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Hairy moose attack on training run costs Iditarod team a wheel dog

Alaska Dispatch

Uncommonly thick snow in Southcentral Alaska this year means moose are all up in everyone's business, and scarce food has given plenty of them a short fuse. Trail and road users of all kinds have been encountering them with more frequency than usual, and mushers are no exception.

On her North Wapiti Kennels blog, Karen Ramstead, a four-time Iditarod finisher and former Red Lantern winner from Alberta, Canada, writes a gripping account of a moose attack she, handler Richard Todd, and two dog teams survived Feb. 16 while on an overnight training run near Willow in preparation for Iditarod 2012.

The way she describes it, the moose seemed to be moving away from them, avoiding an encounter. But really it was lying in wait, just out of headlamp range. When the two teams got within range, the moose turned and charged everybody, setting off a special kind of chaos:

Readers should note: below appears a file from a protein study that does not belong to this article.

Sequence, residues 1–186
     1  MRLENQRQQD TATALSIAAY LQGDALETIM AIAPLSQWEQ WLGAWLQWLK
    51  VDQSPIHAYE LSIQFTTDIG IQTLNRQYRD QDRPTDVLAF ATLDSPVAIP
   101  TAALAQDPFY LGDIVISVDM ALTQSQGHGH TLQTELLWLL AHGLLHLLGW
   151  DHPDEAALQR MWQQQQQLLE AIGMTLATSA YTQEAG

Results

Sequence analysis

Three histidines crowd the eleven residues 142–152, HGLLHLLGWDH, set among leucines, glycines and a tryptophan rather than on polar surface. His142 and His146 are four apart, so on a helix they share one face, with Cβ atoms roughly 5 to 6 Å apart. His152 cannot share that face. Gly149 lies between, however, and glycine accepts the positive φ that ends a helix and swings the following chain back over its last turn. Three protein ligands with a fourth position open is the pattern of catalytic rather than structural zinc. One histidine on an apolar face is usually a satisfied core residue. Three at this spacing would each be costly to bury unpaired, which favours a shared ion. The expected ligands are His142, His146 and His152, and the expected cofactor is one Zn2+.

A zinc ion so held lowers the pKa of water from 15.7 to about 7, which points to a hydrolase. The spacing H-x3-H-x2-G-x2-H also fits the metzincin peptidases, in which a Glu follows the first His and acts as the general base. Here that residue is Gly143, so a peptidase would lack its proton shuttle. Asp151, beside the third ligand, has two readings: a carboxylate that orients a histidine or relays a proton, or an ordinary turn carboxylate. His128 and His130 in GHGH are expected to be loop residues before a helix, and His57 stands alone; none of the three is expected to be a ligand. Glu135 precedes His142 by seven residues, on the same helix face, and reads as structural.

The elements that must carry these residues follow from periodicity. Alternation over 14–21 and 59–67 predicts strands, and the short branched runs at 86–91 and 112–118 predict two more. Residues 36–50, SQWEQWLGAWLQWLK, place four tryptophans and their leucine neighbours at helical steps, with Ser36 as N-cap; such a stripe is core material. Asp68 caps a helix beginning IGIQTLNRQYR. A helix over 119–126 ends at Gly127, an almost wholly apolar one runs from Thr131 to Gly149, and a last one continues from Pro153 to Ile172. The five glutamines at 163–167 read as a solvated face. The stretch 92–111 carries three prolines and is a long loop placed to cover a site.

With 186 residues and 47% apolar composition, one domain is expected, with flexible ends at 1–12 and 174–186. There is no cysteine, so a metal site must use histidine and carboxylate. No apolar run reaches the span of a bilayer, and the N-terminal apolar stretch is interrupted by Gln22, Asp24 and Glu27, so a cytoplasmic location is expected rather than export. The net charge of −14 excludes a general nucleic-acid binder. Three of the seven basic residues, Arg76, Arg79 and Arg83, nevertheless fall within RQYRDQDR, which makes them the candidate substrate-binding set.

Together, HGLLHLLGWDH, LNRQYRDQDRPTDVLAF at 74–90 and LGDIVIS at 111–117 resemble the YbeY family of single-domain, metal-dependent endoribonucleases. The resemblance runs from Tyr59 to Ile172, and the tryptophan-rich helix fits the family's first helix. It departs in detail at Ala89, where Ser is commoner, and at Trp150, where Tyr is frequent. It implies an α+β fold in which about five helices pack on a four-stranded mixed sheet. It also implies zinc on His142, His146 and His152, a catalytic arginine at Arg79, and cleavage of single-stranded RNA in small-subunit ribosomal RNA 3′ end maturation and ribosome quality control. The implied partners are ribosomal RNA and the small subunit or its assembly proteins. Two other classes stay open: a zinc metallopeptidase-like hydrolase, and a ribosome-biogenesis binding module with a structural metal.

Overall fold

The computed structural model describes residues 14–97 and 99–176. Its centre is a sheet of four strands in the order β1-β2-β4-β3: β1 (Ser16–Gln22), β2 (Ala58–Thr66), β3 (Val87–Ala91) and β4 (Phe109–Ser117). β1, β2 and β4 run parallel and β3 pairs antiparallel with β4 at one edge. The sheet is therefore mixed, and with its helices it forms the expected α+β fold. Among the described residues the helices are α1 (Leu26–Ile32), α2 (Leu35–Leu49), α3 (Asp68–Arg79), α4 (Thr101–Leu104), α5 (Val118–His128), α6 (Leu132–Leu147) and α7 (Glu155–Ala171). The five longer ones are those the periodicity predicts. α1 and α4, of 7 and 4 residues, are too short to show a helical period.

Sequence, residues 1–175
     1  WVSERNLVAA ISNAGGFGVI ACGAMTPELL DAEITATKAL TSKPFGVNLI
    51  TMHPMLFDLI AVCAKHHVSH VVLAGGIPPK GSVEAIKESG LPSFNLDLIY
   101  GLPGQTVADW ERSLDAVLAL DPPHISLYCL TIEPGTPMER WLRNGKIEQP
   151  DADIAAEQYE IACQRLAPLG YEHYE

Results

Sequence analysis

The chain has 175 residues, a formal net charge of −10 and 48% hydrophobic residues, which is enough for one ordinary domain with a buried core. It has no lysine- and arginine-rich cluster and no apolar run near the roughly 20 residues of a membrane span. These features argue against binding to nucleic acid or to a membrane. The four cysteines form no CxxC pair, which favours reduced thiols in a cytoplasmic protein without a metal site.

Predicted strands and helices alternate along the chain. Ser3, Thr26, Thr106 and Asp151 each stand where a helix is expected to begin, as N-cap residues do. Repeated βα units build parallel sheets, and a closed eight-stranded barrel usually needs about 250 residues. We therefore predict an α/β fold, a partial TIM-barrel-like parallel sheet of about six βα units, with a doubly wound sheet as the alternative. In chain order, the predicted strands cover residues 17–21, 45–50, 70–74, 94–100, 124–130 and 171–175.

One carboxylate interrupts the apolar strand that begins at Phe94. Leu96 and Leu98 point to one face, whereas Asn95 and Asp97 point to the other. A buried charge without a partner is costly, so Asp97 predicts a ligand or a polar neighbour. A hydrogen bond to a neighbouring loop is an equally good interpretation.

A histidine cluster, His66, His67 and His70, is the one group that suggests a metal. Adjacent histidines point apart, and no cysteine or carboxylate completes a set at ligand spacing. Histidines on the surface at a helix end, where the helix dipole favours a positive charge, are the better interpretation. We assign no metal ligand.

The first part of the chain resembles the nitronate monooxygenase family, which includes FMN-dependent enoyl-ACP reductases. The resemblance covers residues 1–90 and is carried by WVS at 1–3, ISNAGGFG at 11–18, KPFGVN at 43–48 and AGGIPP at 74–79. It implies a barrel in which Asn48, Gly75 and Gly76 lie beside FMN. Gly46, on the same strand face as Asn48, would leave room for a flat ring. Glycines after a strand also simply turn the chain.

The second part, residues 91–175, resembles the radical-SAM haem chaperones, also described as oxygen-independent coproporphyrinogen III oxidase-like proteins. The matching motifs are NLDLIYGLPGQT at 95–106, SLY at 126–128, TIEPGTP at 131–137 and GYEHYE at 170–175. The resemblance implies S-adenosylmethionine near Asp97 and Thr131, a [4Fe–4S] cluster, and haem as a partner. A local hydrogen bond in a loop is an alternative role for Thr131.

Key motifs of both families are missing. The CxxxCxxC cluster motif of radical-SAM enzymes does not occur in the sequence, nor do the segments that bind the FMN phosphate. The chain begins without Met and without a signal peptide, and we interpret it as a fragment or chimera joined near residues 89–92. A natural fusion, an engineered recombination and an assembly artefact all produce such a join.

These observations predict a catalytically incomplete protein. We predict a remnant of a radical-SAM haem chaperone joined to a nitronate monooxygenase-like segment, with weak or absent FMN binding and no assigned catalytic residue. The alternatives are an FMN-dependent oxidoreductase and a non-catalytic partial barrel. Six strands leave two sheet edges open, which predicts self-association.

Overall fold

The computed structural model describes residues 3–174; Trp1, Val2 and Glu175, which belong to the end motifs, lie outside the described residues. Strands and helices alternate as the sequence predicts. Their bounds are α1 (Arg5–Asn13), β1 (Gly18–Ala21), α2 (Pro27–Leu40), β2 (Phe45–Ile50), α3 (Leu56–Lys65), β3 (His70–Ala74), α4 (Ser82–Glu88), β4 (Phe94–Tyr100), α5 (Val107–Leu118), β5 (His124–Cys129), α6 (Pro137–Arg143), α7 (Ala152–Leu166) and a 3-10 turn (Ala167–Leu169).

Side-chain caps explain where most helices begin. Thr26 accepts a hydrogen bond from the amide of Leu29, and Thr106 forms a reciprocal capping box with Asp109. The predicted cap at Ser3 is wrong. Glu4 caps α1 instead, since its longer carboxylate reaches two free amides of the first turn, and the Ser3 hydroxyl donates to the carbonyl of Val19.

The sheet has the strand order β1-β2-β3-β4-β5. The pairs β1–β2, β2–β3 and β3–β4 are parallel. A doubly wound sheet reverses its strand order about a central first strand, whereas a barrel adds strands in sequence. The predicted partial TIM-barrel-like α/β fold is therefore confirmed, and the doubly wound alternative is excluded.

I remember thinking "This isn't happening. This isn't happening" as she reached my dog team and her feet started flying. She was making no effort to avoid the dogs -- in fact, she was actively aiming at them. She came right between the leaders and stomped her way through the team. I saw her hooves connecting with the dogs and a couple yelped. I moved to the right of my sled and she thundered by on the left.

The noise she was making was the scariest thing I have ever heard in my life. It was a guttural, growling noise that sounded like dinosaur sound effects in low budget science fiction movie. Neither Richard nor I will ever forget it.

As she stomped through Richard's team she got tangled in his gangline and dragged his team into a huge ball. She paused for a split second and I yelled at Richard to get out of her way as she aimed her attack at his sled. He jumped into deep snow behind a tree as she went OVER TOP of his loaded sled, knocking it over and stripping the straw bag off.

Being Canadian and British, Ramstead tells the Anchorage Daily News, their first impulse was not to reach for a firearm, but they collected themselves enough to pull out a revolver and a shotgun they carried, loaners they'd been trained to use.

The first shot, a warning shot, just made everything worse all at once.

When all was said and done, Irving, a wheel dog, was the only casualty. He tore a quadriceps muscle in the attack and is out for the season, but Ramstead expects him to make a full recovery.

Read Ramstead's compelling first-hand account, here, and read the Anchorage Daily News's follow-up, here.